“Is this so they have to go back to the fortress naked and their embarrassment will negatively affect the morale?” said Jace. “Because that seems complicated.
“I’m pretty sure he means take their clothes and wear them as disguises,” Clary said. “So that we can sneak up to the gates unobserved. If the other Endarkened aren’t very perceptive, they might not notice.” Jace looked at her in surprise. She shrugged. “It’s in every movie, like, ever.
“We don’t watch movies,” said Alec.
“I think the question is whether Sebastian watches movies,” said Isabelle. “Is our strategy when we see him still ‘trust me’, by the way?”
“It’s still ‘trust me’,” Jace said.
“Oh, good.” Isabelle said. “For a second there I was worried there was going to be an actual plan with, like, steps we could follow. You know, something reassuring.”
My thoughts exactly, Isabelle. My thoughts exactly.
Simon and Alec were by far my favourite characters in this book – both characters have developed so much over the course of six books. We saw Simon go from an awkward, geeky kid – Clary’s self-proclaimed ‘nerdy best-friend’ – to a selfless, brave, and overall intriguing individual. He went from a shallow sidepiece to an integral part of the story structure – and proved himself invaluable when he offered to sacrifice his memories of the Shadow World, and his existence as a vampire – in place of Magnus. And Alec, goes from being a completely emotionless, resilient warrior and Shadowhunter, to a truly compassionate and caring individual.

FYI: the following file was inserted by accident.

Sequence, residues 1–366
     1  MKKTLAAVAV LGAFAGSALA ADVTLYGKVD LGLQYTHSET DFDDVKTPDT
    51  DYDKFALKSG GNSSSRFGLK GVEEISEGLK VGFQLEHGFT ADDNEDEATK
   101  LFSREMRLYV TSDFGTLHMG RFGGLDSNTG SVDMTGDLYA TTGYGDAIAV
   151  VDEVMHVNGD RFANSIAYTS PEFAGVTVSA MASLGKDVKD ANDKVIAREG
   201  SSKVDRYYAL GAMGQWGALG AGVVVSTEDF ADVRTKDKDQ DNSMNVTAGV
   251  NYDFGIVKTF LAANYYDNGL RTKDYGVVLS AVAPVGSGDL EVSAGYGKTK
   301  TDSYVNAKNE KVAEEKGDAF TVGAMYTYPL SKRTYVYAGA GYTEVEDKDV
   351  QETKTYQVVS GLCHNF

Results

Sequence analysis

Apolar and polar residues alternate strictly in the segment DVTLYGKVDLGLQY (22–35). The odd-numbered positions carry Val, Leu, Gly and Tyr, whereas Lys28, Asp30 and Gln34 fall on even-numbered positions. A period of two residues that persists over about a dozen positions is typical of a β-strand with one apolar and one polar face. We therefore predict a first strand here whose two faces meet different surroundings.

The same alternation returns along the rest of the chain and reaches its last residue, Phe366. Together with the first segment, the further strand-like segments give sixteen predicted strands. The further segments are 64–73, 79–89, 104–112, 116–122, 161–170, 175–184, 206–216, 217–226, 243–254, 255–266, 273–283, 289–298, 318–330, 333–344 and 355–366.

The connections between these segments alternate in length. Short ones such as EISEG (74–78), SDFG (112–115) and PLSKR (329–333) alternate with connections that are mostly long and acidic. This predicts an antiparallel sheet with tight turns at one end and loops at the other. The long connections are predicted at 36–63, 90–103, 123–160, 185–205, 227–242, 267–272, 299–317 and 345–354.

As for the antagonist – Jonathan Morgenstern – or, Sebastian, as he was most commonly called, had me feeling a bit lukewarm. His plans seemed unstable, and were a bit easily uprooted by Jace’s ‘surprise!-magical-fire-powers-plan’. However, his death felt very real and honest, especially the last-minute arc he has – not one of redemption, but one of forgiveness. In the end, he is more human than demon, and more misguided than heartlessly evil.